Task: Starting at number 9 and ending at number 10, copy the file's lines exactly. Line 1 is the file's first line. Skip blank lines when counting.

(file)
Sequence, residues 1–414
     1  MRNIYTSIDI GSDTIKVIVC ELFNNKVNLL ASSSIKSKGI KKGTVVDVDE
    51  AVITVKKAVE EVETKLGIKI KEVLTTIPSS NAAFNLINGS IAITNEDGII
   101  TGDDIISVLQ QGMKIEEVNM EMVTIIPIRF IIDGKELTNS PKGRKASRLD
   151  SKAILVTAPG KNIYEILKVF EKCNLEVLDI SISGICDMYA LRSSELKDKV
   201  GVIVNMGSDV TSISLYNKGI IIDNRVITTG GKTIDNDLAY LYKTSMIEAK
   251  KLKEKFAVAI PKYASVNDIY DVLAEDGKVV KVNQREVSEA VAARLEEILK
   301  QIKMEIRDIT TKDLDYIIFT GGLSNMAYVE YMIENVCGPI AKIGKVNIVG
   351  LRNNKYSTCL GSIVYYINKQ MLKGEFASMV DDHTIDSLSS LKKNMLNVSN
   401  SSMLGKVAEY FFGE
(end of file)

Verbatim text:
   351  LRNNKYSTCL GSIVYYINKQ MLKGEFASMV DDHTIDSLSS LKKNMLNVSN
   401  SSMLGKVAEY FFGE